The Jena-Xing group wins Best Student Paper Awards at the Compound Semiconductor Week (CSW) 2018

Ph.D. students from the Jena-Xing group won a best student paper award and an honorable mention at the 2018 Compound Semiconductor Week, which brought together researchers, scientists and engineers from around the world to Boston, Massachusetts from May 29-June 1.

Cornell ECE students win Best Student Paper Awards at the Compound Semiconductor Week (CSW) 2018

 Ph.D. students from the Jena-Xing group won a best student paper award and an honorable mention at the 2018 Compound Semiconductor Week, which brought together researchers, scientists and engineers from around the world to Boston, Massachusetts from May 29-June 1.

 Cornell ECE Ph.D. student Shyam Bharadwaj won a CSW Best Student Paper Award 2018 for his paper, “Comparative Study of Electroluminescence in GaN and AlGaN QW Sub-300 nm DUV LEDs.”

 “A major scientific and engineering research challenge today is to make high efficiency semiconductor deep-ultraviolet (DUV) light sources.  The study I presented at CSW 2018 involved 2 types of DUV light emitting diodes (LEDs).  Through simulation and experimental measurements of the angle resolved photon emission pattern and their TE/TM polarization ratio, I observed an enhancement in TE/TM ratio for the GaN-active-region devices over the AlGaN ones.  My studies confirm the GaN quantum well LED – an idea conceived in our research group – can be superior to other alternatives.” said Bharadwaj. Just last year, Cornell ECE student and Shyam’s colleague Kevin Lee had won a best student paper award in the International Workshop on UV Materials and Devices held in Fukuoka, Japan for his studies of electrical conductivity of the semiconductors necessary for deep-UV LEDs.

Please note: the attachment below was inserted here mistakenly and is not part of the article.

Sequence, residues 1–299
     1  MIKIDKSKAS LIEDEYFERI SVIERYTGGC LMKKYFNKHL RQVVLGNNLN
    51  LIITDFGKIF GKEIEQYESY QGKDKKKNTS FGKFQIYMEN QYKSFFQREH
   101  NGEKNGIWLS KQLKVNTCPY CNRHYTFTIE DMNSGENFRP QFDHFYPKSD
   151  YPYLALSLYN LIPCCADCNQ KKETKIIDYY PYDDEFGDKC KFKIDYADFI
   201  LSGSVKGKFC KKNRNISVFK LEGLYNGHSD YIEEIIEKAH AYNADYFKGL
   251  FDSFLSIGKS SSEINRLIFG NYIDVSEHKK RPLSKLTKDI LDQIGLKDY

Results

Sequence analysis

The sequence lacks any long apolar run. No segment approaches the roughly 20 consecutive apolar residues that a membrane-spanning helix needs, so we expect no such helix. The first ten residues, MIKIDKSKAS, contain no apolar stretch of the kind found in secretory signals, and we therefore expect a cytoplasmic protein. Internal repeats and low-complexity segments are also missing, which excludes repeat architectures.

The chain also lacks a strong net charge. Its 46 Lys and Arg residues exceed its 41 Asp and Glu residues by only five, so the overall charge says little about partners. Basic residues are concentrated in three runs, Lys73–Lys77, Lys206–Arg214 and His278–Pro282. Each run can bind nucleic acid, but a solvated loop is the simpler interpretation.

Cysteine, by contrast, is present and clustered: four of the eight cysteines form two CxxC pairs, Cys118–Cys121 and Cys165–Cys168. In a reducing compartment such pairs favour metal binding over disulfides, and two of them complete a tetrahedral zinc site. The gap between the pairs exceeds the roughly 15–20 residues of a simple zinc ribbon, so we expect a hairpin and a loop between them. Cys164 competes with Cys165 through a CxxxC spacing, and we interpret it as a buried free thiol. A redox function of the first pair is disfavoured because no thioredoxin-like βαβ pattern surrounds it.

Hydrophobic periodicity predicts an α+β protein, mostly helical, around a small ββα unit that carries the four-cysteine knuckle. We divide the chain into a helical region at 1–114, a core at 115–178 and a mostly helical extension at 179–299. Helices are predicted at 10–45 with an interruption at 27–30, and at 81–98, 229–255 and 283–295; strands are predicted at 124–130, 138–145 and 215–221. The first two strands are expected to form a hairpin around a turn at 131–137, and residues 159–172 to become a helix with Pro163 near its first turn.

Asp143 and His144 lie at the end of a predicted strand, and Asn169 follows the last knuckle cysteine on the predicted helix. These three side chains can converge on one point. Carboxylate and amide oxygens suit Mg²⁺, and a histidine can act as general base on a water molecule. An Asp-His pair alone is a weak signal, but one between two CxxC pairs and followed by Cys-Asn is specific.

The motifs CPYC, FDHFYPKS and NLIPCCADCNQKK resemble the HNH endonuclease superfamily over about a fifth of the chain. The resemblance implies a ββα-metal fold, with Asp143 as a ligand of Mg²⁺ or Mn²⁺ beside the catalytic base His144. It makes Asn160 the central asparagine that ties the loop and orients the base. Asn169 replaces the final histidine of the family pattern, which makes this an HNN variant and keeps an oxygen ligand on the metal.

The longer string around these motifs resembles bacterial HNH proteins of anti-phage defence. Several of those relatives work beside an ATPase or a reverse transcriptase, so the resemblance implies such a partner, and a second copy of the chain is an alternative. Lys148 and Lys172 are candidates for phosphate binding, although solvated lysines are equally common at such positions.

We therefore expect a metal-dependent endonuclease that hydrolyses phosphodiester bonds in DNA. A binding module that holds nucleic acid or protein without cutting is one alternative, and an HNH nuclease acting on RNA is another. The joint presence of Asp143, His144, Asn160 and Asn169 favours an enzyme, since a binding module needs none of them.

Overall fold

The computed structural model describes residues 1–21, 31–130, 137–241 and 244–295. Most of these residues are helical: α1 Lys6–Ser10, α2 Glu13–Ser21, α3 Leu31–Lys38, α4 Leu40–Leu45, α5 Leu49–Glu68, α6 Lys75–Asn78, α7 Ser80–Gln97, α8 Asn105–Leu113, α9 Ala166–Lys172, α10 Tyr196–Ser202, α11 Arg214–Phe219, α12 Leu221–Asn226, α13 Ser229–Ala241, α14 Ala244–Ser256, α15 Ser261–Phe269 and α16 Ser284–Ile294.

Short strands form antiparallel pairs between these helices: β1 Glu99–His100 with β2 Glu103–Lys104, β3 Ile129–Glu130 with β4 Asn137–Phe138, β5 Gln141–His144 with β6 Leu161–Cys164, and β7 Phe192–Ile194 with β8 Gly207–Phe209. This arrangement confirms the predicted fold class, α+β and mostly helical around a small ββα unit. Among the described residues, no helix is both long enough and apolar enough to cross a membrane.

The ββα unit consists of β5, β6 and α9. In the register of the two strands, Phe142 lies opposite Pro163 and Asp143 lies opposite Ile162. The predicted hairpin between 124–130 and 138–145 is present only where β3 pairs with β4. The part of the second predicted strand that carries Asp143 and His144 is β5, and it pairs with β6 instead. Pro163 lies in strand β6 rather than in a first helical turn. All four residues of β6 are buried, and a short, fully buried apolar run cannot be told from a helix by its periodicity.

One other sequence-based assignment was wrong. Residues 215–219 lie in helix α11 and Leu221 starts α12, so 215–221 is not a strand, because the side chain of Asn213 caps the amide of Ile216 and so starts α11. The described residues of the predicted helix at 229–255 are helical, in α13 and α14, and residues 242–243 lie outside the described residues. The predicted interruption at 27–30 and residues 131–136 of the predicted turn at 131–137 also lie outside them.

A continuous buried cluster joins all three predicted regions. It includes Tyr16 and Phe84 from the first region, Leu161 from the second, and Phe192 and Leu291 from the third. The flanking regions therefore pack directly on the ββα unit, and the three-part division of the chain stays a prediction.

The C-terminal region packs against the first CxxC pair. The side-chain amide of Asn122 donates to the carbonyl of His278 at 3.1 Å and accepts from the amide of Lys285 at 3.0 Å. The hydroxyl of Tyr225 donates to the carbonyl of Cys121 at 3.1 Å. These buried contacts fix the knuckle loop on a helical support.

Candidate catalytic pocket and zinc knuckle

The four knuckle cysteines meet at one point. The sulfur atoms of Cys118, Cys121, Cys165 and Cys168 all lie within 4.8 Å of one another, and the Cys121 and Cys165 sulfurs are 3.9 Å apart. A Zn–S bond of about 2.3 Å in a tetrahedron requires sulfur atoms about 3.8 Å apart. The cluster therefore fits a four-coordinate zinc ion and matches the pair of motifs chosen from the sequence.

Also in CSW 2018, Cornell ECE Ph.D. student Wenshen Li received an honorable mention for his paper, “Threshold Voltage Engineering in E-mode Ga2O3 Fin-channel Transistors." 

 “Ga2O3 is a newly discovered wide bandgap semiconductor, which promises high-performance power electronics and related applications for increasing the energy efficiency of power circuits.  Our group recently designed and demonstrated the first kilovolt Ga2O3 transistors that are normally off.  In this presentation, I discussed the design principles and challenges in the physics in this class of electronic devices.” said Li.

 Both Bharadwaj and Li are students from the Jena-Xing Research Group at Cornell University, which is led by Professors Debdeep Jena and Huili (Grace) Xing. Both Jena and Xing hold joint appointments in the School of Electrical and Computer Engineering (ECE) and the Department of Materials Science and Engineering (MSE) at Cornell.  They are also faculty members in the Kavli Institute for Nanoscience at Cornell (KIC) and the Cornell Center for Material Research (CCMR).  In the joint laboratory led by Jena and Xing, they explore the physics, materials science and applications of semiconductors.

 The Compound Semiconductor Week (CSW) is the premier forum for science, technology and applications of compound semiconductors. As in previous years, CSW 2018 brought together the 45th International Symposium on Compound Semiconductors (ISCS) and the 30th International Conference on Indium Phosphide and Related Materials (IPRM).  The conference was attended by over 400 participants this year.

Other Articles of Interest

Magic Eye

Rick Johnson, an engineering professor on the Hill—and, at the risk of a mixed metaphor, something of a Renaissance man. At Cornell since 1981, Johnson has spent decades teaching and doing research in electrical engineering, particularly in the fields of control systems and signal processing. But over the past twelve years, his interests have entailed as much art as science. A pioneer in the field of computational art history, Johnson leverages both his engineering acumen and his abiding passion for art to study the physical materials with which works are made. Read more about Magic Eye